The S&P GSCI is a widely tracked commodity index that comprises commodities ranging from energy and metals to agriculture and livestock. At the time of this writing, the GSCI is down by more than 43% over the last year. Light crude is down by more than 52%, heating oil 46%, unleaded gas by close to 50%, and both copper and sugar by more than 25%.
Sound like a commodity bear market you should stay away from?
Maybe this will change your mind. During the same period (i.e. a year back), if you had invested in DEE, a 2x short commodity ETN, you would be up by 111%. If you invested in CMD, a 2x short commodity ETF, you would be up by 65%. If you invested in BOM, a 2x short ETN that tracks metals, you would be up by 59%.
The examples above are of leveraged ETFs/ETNs that made a lot of money because they moved in the opposite direction of the market by two times. All good investors will tell you that no matter what the situation is there is always a great investment idea waiting. If you think commodities have had enough of a rough year and are now poised to recover, why not pick some leveraged bull ETFs? If they recover by even 2% (low demand and oversupply can’t last forever) you stand to gain 4-6%.
Now, it is always a bad idea to try and time the market, but there seems to be a growing consensus that commodity prices are turning around. Before we move into the whats and hows of commodity investing, it’s prudent to consider the flip side, too. So here are the top reasons why commodity prices may not go up in the near term.
- Earlier this year in July, the IMF trimmed down its global economic growth forecast for 2015 (2016 forecast seems to be better).
- China has stopped trying to live up to China-nomics and is looking to settle for a new sub-10% normal. That means they may not have the same hunger for commodities.
- Oil prices might not come back to their previous highs any time soon. In fact, some analysts think it may never get back to $100/barrel.
Despite the above concerns, the Federal Reserve and Bank of England are likely to raise interest rates in the next year. While it will put commodities (or growth projections in general) under a bit of pressure, it is a clear signal that they don’t see any structural problems with their economies now. It may not be the worst idea to start buying in slowly instead of trying to make one big move.
Forget Timing: Commodities Should Be a Part of Your Portfolio
Even if you are not sure about the timing, commodities are a very good venue to diversify your portfolio. Here is why:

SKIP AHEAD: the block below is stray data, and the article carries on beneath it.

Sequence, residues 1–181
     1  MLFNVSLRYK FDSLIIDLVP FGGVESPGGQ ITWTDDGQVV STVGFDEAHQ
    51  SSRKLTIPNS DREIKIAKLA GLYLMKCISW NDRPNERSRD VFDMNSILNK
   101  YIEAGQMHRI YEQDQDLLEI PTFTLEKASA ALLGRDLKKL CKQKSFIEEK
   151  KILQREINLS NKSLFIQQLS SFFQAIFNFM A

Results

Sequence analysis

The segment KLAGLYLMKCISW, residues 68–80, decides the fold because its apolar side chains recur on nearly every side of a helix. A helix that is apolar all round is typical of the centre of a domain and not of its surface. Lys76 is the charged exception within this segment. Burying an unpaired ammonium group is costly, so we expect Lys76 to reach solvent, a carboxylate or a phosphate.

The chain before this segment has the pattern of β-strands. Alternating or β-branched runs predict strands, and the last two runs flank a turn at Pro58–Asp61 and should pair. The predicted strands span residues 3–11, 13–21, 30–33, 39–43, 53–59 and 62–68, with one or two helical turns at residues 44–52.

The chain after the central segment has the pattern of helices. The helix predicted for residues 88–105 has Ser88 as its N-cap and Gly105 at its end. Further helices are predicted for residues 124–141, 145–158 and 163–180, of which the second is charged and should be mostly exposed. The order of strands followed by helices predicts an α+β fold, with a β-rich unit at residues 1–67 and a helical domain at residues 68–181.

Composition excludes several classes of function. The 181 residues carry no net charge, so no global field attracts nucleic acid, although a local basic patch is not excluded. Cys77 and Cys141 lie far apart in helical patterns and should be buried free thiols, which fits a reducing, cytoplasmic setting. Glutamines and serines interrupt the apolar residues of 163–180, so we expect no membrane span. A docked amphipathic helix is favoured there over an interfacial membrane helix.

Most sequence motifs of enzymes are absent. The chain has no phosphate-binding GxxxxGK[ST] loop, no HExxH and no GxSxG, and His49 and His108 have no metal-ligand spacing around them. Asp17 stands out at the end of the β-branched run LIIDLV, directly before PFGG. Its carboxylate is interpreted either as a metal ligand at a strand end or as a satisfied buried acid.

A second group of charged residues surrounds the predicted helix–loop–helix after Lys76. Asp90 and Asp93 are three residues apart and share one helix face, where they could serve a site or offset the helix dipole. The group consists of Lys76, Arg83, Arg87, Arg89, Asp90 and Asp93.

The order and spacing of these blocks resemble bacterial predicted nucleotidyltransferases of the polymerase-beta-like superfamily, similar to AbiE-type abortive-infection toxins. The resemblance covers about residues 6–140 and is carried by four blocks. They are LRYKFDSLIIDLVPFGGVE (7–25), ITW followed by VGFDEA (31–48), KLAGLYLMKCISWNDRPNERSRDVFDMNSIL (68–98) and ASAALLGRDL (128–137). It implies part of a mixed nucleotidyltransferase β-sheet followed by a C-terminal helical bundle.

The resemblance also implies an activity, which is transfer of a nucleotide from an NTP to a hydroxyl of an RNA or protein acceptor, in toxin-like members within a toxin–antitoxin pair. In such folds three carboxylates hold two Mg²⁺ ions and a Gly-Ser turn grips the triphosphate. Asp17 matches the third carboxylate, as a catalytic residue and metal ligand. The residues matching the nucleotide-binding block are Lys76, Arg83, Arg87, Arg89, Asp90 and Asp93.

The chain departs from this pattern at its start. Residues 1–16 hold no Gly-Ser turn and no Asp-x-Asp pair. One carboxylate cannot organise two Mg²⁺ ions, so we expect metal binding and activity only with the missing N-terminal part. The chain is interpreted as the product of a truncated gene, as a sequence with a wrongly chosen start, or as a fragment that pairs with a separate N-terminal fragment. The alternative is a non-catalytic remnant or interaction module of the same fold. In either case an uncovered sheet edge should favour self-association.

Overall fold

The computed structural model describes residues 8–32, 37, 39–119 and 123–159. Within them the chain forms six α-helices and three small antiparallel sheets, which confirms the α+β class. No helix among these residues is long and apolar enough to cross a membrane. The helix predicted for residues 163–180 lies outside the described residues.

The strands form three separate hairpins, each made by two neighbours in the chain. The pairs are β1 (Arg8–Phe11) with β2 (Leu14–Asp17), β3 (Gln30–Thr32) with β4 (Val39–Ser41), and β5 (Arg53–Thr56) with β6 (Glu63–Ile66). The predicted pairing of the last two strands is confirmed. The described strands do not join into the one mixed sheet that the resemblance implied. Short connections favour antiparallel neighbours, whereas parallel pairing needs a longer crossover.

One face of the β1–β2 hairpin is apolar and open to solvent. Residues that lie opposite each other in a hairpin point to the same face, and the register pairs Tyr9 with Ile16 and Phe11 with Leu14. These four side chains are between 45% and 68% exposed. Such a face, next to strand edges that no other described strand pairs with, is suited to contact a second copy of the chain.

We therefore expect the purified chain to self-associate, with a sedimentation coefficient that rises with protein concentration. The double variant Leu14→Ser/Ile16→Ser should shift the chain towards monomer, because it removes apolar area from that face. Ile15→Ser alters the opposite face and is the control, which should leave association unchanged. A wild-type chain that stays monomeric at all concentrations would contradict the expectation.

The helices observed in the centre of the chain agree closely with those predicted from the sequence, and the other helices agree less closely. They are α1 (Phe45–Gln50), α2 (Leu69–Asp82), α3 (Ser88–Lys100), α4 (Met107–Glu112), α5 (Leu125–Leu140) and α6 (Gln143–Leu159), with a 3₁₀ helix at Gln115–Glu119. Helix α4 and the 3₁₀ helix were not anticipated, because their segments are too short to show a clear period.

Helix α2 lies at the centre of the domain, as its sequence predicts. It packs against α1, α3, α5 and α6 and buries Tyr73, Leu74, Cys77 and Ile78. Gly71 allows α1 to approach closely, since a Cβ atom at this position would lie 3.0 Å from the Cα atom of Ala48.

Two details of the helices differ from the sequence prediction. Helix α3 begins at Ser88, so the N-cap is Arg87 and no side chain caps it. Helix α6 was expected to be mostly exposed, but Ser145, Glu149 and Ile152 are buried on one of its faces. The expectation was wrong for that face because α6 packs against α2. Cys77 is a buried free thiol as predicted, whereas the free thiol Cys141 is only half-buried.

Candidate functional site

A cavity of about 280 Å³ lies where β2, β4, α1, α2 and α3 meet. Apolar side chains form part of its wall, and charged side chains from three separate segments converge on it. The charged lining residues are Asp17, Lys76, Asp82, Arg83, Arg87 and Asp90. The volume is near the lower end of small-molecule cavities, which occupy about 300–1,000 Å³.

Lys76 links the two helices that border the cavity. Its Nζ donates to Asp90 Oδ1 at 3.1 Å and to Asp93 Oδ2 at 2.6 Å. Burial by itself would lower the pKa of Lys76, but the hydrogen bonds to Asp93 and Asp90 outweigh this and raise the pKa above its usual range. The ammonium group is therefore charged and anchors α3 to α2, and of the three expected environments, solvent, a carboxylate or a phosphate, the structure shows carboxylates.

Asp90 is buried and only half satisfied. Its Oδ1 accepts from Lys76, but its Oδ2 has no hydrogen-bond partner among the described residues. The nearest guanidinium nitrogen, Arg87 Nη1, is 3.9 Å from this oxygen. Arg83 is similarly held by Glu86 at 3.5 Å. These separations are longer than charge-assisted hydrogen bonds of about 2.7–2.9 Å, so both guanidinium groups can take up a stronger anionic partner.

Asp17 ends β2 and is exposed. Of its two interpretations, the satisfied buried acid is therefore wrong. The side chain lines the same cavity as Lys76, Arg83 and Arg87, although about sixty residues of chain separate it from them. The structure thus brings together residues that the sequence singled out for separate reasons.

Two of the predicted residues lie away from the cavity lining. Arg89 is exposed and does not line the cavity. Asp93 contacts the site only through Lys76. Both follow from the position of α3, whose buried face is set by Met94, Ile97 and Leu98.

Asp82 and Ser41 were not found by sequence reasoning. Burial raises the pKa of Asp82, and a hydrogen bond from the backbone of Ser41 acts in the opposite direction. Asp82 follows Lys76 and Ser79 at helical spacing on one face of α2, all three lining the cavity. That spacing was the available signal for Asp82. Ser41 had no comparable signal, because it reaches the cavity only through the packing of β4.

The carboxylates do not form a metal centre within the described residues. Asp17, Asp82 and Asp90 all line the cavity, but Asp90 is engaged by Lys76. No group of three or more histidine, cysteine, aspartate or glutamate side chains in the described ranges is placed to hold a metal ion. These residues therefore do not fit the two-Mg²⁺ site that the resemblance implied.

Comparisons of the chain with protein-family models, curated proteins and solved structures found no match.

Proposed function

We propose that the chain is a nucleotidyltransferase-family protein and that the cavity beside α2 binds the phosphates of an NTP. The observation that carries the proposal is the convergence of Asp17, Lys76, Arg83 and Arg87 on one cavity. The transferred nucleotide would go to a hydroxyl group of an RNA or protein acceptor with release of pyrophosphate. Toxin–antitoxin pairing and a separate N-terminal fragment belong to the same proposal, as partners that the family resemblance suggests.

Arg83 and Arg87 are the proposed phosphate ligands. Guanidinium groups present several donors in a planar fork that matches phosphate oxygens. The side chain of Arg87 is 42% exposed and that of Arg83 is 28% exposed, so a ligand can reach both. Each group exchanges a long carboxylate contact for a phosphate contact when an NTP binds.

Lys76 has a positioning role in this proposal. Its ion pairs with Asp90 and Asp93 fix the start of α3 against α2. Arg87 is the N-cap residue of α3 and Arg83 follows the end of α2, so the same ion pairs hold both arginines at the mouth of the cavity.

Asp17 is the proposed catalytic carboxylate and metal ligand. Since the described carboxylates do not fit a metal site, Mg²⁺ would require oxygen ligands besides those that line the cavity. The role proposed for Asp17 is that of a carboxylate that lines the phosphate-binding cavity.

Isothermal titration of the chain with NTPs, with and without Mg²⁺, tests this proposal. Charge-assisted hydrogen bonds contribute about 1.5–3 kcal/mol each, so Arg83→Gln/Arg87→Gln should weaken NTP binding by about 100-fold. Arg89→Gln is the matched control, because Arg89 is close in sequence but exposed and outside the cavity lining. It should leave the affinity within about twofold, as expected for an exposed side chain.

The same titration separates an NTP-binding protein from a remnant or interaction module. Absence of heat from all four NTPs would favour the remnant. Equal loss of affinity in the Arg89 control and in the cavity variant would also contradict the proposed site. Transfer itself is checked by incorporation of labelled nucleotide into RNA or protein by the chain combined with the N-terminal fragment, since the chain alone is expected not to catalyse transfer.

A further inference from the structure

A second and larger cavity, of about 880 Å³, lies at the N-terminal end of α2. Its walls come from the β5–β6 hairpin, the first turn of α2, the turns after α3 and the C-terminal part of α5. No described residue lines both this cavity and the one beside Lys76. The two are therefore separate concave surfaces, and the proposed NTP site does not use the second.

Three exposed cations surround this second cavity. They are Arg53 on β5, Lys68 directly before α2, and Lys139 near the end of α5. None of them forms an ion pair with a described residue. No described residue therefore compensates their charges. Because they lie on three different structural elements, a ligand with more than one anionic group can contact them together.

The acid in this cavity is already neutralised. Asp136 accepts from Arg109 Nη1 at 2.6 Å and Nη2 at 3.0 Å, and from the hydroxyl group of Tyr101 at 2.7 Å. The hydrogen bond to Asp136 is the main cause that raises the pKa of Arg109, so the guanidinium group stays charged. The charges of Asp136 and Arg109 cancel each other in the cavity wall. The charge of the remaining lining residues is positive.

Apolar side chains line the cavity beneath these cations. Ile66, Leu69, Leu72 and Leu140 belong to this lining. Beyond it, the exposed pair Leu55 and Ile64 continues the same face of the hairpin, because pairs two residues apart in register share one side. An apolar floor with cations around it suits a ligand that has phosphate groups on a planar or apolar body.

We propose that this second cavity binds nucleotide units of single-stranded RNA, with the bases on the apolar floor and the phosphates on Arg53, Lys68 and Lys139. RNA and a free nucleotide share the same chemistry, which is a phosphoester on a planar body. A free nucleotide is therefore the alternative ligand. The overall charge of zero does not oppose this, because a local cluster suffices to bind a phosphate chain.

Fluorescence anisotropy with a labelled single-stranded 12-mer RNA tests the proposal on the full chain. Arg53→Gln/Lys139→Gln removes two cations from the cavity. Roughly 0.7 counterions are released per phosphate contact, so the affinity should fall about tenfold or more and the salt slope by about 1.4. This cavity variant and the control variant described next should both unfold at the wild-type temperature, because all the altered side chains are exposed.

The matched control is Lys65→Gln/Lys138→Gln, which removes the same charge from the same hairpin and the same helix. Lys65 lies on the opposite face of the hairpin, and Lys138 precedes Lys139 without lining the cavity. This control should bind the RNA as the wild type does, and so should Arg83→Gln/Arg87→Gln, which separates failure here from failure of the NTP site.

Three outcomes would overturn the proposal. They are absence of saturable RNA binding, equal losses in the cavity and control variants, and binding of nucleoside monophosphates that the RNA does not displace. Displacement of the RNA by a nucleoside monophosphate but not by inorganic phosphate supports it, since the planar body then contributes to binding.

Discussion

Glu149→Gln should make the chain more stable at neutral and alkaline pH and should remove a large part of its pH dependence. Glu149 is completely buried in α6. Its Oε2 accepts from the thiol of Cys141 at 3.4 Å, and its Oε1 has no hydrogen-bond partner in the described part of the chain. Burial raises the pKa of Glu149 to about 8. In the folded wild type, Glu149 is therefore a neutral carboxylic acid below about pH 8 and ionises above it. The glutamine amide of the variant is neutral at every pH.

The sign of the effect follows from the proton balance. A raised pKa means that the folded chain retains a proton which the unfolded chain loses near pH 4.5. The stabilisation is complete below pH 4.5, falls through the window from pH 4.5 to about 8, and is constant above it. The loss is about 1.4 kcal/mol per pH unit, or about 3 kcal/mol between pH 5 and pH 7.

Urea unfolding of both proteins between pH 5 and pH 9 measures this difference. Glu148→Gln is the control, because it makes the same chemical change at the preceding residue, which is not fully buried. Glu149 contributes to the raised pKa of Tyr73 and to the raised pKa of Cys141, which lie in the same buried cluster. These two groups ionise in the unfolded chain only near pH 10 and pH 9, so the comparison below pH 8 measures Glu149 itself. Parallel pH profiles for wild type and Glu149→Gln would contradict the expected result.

- Commodities have low to negative correlation to stocks and bonds. Adding a commodity component to your portfolio might actually reduce overall risk. Isn’t that handy to have?
- The returns are often comparable to equities and much better than fixed-income instruments.
- Commodities have a positive correlation to inflation. That means they are a good protection against the effects of inflation (not many asset classes have that).
- Commodities can be fairly independent of each other. Take cotton and copper for instance, there is very little in common between the two.
How to Invest in Commodities
There are several ways to invest in commodities. The most authentic form of commodity investing is through futures, but that’s not for everyone. The learning cycle for mastering the nuances of futures and commodities at the same time is pretty high. The second way is to get expert help (either a managed account or a fee-based advisor), and the third way is the obvious mutual fund option. Last but not least (unless you are talking about cost), are the exchange-traded funds (ETFs).
The rising popularity of ETFs is a testament to their usefulness (4x growth in assets and 2x growth in number since 2008). There are more than 1,400 ETFs in the U.S. alone, of which more than 150 are dedicated to commodities. That gives investors a large variety of choice in terms of focus area. Some broad, index-based ETFs have fallen sharply in the last year. DJCI (down 26% in the past one year) tracks energy, metals and agriculture, with caps on segments to avoid overexposure. USCI (down 25% in the past one year) tracks energy, metals, grains, softs and livestock. GSG (down 44% in the past one year) tracks energy, metals, agricultural, and livestock. If you think any sector or index might recover, you could invest in some 2x long or 3x long ETFs.
The Bottom Line
If you have ever thought of getting started with commodities, this may be a good time take the plunge. Commodities have low correlation to stocks, bonds, and even between themselves. That’s really good for reducing portfolio risk. Since trading futures is not for everyone, commodity ETFs give investors a convenient, low-cost vehicle to gain that exposure. If your risk appetite is higher, you could invest in long or short leveraged ETFs to give you two to three times market returns. The good part about leveraged long ETFs is that they will have two to three times the correlation to inflation, and since you don’t need a margin account to buy them, you can buy and wait for some time (without worrying about the interest adding up).
Note: Investors need to be careful not to confuse buying stock in commodity producers as a “commodity investment”. That will just add more equity to a portfolio. Investors want to invest in commodities themselves (e.g. oil, cotton, metals) for it to count as a commodity investment.
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